Verifiable Credentials, a new terminology proposed by W3C, is one of the main building blocks of the Self-sovereign Identity Ecosystem. This article will provide an explanation of its definition and mechanism.
The term credentials are not so unfamiliar. In fact, physical credentials have become an inseparable aspect of our daily lives, which are expressed through licenses, credit cards, college degrees, and the list goes on.
More specifically, credentials refer to any (tamper-proof) set of information that some authority declares true about the credential's subject. By using credentials, the subjects can prove to others (who trust the authority) critical facts, such as a passport issued by a country's government establishing your status as a citizen, a pilot's license certifying that you are qualified to fly a plane, etc.
To qualify as a credential, the claims regarding the subject must be verifiable in some way. One of them is through an integrated proof of validity (such as a watermark, hologram, or other distinctive printing feature). Verifying the credential is also possible by directly contacting the authority that issued it. However, human verification can be complex and time-consuming, which is one of the reasons why there is a global black market for forged credentials.
Verifiable Credentials (VCs) are also known as digital credentials. Their main selling point is that they can automatically be verified in a matter of seconds or even milliseconds, thanks to the power of cryptography and the internet.
- Does the data in the credential follow the standard format?
- Is there a valid digital signature from the issuer (which establishes the credential's origin and ensures that it has not been tampered with)?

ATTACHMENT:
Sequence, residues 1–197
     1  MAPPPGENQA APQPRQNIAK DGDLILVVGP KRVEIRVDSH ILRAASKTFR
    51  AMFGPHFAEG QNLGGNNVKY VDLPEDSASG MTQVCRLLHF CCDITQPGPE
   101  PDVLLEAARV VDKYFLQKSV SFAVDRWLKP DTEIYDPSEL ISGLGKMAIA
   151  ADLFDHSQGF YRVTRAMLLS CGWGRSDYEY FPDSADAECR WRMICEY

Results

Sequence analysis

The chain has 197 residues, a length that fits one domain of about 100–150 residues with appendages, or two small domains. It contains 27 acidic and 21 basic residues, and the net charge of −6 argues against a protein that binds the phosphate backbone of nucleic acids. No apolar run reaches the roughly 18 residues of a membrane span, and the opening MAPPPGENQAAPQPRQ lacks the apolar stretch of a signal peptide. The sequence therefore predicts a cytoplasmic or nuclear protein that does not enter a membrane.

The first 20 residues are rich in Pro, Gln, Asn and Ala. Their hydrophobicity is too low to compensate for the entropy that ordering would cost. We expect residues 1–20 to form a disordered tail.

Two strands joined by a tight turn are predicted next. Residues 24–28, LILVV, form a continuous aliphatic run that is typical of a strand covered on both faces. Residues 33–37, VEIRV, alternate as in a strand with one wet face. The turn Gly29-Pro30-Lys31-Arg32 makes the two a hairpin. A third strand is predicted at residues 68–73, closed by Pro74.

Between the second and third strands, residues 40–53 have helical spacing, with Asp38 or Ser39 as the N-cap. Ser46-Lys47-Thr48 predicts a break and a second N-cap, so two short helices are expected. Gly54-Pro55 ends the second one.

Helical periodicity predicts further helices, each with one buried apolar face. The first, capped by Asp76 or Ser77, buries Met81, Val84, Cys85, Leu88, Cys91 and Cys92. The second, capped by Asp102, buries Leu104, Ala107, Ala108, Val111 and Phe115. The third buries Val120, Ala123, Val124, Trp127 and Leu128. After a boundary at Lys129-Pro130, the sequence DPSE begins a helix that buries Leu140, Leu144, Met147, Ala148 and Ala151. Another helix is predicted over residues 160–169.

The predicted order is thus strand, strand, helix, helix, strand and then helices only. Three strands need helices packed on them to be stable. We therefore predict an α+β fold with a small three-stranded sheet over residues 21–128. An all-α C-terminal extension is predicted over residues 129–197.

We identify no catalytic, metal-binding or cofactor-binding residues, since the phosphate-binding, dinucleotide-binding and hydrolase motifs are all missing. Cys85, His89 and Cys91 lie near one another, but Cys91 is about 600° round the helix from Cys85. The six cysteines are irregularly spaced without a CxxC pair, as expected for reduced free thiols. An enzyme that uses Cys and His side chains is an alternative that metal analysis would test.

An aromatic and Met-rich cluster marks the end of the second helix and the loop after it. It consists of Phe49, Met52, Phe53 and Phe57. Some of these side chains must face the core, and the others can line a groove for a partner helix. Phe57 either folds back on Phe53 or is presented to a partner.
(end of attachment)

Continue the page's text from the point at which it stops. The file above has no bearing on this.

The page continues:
- Is the credential still valid in the sense that it hasn't expired or been revoked?
- Does the credential give cryptographic confirmation that the bearer of the credential is indeed the subject mentioned?
These critical questions related to verifiable credentials will be deeply explained in the following parts.
In the Verifiable Credential ecosystem, there are three entities to consider:
- Issuer: is the entity that issues the credential
- Holder: is the entity that the credential is issued
- Verifier: is the entity that confirms whether the credential matches the VC's established requirements.
These VCs must follow the W3C Verifiable Credentials Data Model in terms of implementation. That is a set of specifications and verifiable documentation that enables the verification and sharing of credentials via the internet.
An issuer is an entity that has the authority to issue a credential. These issuers can be Government agencies, healthcare facilities, banks & financial institutions, schools & and universities, and maybe even companies that give evidence of employment. In addition, individuals can also be issuers—a properly equipped sensor, for example, could issue a digitally signed credential regarding a sensor reading.
A holder is an entity that requests VCs from issuers, stores them, and shows proofs of claims from one or more credentials to verifiers when asked (and approved by the holder). Although most of us think of holders as individuals, they can also be businesses employing corporate wallets or entities in the Internet of Things concept (IoT).
A verifier is an entity that verifies a credential to guarantee that it was issued by a competent issuer, that it is tamper-proof, and that it is still valid (not expired or revoked). Verifiers might be a person, a company, or anything else that wants to establish credibility about the subjects of credentials. Verifiers request proofs from holders of one or many claims from one or many VCs. If the holder accepts, the holder responds with proof created from their VCs, which the verifier can verify later.
Having the role of the three entities explained, let's continue with the workflow of Verifiable Credentials.